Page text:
Electromagnetic navigation allows real-time device tracking . Needle position information in the magnetic field is processed and placed on a preprocedural imaging (CT or MRI), which is used as a map. Generally, fluoroscopy or CT scan images are acquired to confirm the final needle placement in the target, as the main pitfall is the potential mismatch with the preprocedural images .
Other techniques, such as laser guidance, can facilitate needle placement [21, 22]. After CT or cone beam CT images are obtained, the target point is defined and a straight path from the skin is selected [21, 22]. A laser beam indicates the chosen entry site on the skin and the needle orientation [21, 22].
Approaches and essential landmarks
The safest approach for a percutaneous pelvic bone procedure varies depending on the level, as different important-to-avoid structures exit the pelvis through diverse foramina and vary their relative position. The following descriptions of safe approaches are based on CT scan, as it is the recommended modality for guiding percutaneous pelvic bone procedures . Four main levels can be considered:
Iliac wings level
In the supine position, an anterolateral approach through the anterior superior iliac spine to a target in the iliac wing (Fig. 4)
In the prone position, a posterior approach through the iliac tuberosity to a target in the iliac bone (Fig. 5)
In the prone position, a posterolateral approach through the sacroiliac joint (trans-sacroiliac) to a target in the sacral body or to biopsy the sacroiliac joint (Fig. 8)
In the prone position, a direct posterior or posterolateral approach (Fig. 9)
Acetabular roof level
For coccygeal biopsies, a posterior approach is safe, paying attention to visceral structures lying anterior to the coccyx (Fig. 13).
Hip joint level
Ischial tuberosity and pubic symphysis level
For every pelvic bone procedure, great care should be taken to avoid pelvic viscera, vessels and nerves during the approach to the lesion. Depending on the kind of procedure, other potential risks must be considered, such as non-target ablation and extraosseous cement leakage.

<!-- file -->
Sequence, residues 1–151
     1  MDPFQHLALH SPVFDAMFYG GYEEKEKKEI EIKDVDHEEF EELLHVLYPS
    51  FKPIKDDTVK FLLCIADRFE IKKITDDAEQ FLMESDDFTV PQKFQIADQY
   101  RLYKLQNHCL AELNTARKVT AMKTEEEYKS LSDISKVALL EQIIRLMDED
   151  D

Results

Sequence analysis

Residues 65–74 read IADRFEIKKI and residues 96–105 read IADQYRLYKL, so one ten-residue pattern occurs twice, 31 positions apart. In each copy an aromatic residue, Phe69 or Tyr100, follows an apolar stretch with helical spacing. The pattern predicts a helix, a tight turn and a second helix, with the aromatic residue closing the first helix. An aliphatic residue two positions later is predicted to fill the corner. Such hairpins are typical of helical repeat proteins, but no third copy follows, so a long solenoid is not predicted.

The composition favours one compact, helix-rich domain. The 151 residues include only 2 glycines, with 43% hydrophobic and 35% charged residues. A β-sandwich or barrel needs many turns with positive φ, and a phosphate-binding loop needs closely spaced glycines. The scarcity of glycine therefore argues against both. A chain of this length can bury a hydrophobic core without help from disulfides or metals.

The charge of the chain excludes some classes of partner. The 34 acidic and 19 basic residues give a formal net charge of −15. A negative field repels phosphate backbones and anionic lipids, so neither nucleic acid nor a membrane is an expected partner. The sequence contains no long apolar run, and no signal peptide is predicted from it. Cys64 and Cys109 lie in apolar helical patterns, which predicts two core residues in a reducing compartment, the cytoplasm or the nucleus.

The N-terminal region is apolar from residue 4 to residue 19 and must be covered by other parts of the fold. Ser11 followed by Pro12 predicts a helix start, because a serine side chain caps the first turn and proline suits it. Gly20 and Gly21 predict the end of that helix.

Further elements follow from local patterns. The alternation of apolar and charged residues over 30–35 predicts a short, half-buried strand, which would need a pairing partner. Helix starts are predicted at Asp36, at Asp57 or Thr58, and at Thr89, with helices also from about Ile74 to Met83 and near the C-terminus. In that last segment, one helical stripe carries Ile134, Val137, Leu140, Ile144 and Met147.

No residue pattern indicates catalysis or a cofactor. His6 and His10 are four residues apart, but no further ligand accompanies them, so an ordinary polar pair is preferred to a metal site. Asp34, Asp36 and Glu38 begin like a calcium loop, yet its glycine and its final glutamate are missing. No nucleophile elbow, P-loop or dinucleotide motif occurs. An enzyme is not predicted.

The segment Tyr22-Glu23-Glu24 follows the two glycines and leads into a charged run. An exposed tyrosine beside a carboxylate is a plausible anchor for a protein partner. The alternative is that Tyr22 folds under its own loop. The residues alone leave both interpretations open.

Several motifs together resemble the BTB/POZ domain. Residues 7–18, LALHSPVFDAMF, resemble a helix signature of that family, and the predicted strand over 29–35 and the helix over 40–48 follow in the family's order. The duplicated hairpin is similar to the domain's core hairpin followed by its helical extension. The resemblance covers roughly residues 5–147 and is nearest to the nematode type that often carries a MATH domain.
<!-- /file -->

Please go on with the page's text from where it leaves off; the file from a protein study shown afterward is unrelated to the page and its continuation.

If a primary bone lesion is biopsied, gluteal muscles and rectus femoris should be avoided, as they are essential in a limb-sparing procedure and the needle tract would have to be resected [16, 26, 27, 28].
When a pelvic bone metastasis is favoured, intramuscular needle path is less determinant, albeit cases of tumour seeding along the needle path after core biopsy have been reported . A direct access through gluteal muscles can be used provided that no major vessels or nerves lie in the needle path. However, reducing the length of the path in the soft tissues decreases the risk of bleeding. Moreover, iliac lesions tend to have a longer diameter in the wing axis and more material can be sampled by accessing the lesion along its greater axis.
The choice of the needle depends on the mineralisation of the lesion and the presence of a cortical breach . A 14- to 16-G soft tissue cutting biopsy needle is the favoured choice whenever possible. A 10- to 16-G bone biopsy needle is indicated for dense lesions and when the cortex is intact. A coaxial technique is recommended because it allows keeping bone access to take several samples and occasionally perform percutaneous embolisation, and also protects the needle path from tumour dissemination [24, 25].
The number of samples required depends on the pathology department of each institution [3, 16, 24]. Usually two or three samples in formalin are enough [3, 24, 25, 26]. More samples may be needed when using smaller-gauge needles, mainly in paediatric patients . If a lymphoma is suspected, a sample in saline serum should be sent to allow the realisation of flow cytometry . Because infection is an occasional mimicker of bone tumours, systematically sending one or two samples for microbiological analysis is a good practice in uncertain cases .